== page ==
Friday Review » Music

Updated: March 8, 2012 15:50 IST

Craving for Carnatic notes

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Dr. V. Sivakumar. Photo: S. Thanthoni
Dr. V. Sivakumar. Photo: S. Thanthoni

Dr. Sivakumar, whose twin passions are music and management.

“Life is incomplete if one doesn’t have a taste for the fine arts,” says Dr. Sivakumar, retired Professor of Management from the U.S. His exposure to music began in the village of Kulithalai. “The Panchayat board president was a rich man, and he would get the best vidwans of the day to sing in our village,” he recalls.

Later, Sivakumar moved to Delhi, where he continued to listen to concerts at the Carnataca Sangeetha Sabhai and Shanmugananda Sangeetha Sabha. He picked up from his father a love for religious discourses and theatre as well.

While doing his Masters in Mathematics at the Annamalai University, he would visit Chennai and listen to concerts.

On one occasion, he went to the Music Academy hoping to attend a concert by M.S. Subbulakshmi. But the tickets had been sold out. Just then he happened to meet a family friend, who introduced him to Ra. Ganapathy from Kalki. Sivakumar had read Ganapathy’s ‘Arivukkanale Arutpunale’, a biography of Vivekananda. But Sivakumar exchanged a few words with Ganapathy, for he was preoccupied with somehow getting into the auditorium. Then an idea struck him. He walked up to the usher and said with bravado, “Did you notice I was just talking with Ra. Ganapathy from Kalki?” The usher assumed that Sivakumar was from Kalki, and said, “Why didn’t you tell me you were a correspondent? Take your seat in the Press enclosure!” That’s how he got to listen to MS.

When he was working in Mumbai, and didn’t have enough money to both attend a concert and have a decent dinner, he would munch on a carrot, but would not forego the pleasure of listening to his favourite musicians. Even the night he was leaving for the U.S. for the first time, he attended a Madurai T.N. Seshagopalan concert at Mylapore Fine Arts!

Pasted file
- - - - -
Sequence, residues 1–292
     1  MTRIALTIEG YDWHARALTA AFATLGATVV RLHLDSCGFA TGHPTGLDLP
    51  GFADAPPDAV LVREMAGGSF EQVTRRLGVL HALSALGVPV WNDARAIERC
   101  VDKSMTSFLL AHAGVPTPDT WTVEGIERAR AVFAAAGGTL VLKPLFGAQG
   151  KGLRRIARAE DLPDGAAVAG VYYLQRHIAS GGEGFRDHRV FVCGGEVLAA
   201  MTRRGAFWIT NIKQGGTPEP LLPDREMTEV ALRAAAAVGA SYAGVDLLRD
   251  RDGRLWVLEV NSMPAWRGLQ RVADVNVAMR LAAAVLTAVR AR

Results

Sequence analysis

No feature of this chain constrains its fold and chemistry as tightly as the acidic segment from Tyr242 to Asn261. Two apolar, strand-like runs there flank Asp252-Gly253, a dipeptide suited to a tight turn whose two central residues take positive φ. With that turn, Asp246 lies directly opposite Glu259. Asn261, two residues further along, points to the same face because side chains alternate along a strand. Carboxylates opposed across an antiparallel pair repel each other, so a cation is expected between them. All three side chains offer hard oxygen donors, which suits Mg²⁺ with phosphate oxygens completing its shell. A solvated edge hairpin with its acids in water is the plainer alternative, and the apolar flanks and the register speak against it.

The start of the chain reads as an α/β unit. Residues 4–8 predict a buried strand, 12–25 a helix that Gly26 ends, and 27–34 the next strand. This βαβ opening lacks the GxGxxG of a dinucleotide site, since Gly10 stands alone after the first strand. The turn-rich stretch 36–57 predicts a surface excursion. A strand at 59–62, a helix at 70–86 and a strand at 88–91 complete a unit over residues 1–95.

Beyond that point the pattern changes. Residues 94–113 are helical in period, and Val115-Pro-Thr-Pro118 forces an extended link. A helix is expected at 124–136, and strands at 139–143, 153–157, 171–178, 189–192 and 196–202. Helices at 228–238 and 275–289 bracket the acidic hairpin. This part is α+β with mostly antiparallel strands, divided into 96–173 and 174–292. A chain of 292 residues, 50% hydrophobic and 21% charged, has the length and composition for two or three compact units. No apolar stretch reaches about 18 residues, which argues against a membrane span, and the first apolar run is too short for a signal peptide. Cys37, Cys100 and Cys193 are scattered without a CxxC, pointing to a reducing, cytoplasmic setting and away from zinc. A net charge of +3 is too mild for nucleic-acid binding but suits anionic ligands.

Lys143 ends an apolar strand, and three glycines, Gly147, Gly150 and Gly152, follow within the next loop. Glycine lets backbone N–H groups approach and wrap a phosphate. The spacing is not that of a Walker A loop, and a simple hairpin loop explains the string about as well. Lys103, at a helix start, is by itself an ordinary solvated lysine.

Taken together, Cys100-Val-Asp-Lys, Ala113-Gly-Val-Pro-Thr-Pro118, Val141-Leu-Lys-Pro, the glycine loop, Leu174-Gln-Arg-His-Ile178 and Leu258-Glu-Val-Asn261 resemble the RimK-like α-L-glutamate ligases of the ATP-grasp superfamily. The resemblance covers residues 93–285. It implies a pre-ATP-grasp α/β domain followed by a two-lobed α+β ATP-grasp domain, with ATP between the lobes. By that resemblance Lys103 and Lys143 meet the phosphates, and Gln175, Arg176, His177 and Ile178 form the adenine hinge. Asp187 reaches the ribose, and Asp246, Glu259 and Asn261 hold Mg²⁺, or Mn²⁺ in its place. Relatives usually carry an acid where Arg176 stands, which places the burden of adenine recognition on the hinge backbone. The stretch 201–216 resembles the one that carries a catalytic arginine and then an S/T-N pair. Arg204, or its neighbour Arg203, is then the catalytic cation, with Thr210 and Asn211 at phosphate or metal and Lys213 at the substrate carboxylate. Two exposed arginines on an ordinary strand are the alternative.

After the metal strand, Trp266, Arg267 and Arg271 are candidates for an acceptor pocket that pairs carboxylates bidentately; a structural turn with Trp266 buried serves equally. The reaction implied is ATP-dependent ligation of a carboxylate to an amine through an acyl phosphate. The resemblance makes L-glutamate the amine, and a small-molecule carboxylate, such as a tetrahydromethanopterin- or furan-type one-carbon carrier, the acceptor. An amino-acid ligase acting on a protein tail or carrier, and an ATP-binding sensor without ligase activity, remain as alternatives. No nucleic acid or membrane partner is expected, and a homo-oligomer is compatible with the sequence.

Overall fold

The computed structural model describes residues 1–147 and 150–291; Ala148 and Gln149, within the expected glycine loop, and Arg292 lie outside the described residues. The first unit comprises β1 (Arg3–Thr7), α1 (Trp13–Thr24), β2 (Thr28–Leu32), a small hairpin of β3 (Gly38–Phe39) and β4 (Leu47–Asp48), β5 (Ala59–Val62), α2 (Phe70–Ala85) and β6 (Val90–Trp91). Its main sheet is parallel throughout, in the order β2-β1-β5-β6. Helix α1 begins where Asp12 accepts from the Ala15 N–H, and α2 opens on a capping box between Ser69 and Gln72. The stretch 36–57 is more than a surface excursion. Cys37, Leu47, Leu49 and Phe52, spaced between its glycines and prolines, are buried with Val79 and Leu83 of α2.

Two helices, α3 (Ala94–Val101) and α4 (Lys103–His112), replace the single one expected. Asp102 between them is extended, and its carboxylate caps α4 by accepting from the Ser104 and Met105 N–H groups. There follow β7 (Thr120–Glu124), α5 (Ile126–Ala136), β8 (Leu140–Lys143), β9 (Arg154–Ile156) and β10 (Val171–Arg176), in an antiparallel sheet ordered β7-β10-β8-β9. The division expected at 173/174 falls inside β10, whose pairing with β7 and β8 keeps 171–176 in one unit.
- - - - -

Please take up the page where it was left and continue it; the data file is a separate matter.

And now, Dr. Sivakumar times his visits to India to coincide with the Music Season. What does he have to say about children in the U.S. learning music through Skype? “I think it’s okay to kindle their interest through some beginners’ lessons. But I don’t think advanced classes should be done through Skype. The emotional aspects cannot be fully grasped by students learning through Skype.”

Commenting on the present day musicians, he says, “Some musicians don’t create a mood of bhakti in the audience, something essential in our music.” Favourite musicians? “I admire Ariyakudi for his brilliance. I am also fond of the music of Madurai Mani Iyer, K.V. Narayanaswamy, M.D. Ramanathan, MS and M.L. Vasanthakumari. But my all-time favourite will always be GNB.”

Keywords: Dr. Sivakumar


Arts, Entertainment & EventsMay 14, 2012

Why a report on some unknown NRI Carnatic afficionado should make the pages of your newspaper, completely eludes me. This kind of over-the-top hype on Carnatic music only confirms the elitist tag plaguing Carnatic music and makes it even more undesirable to the larger population, which is already ignoring it. Our film music directors who are using Carnatic music unobtrusively in the occasional song, are actually doing much more for the cause of Carnatic music.

from:  R.Subramanian
Posted on: Mar 17, 2012 at 20:45 IST
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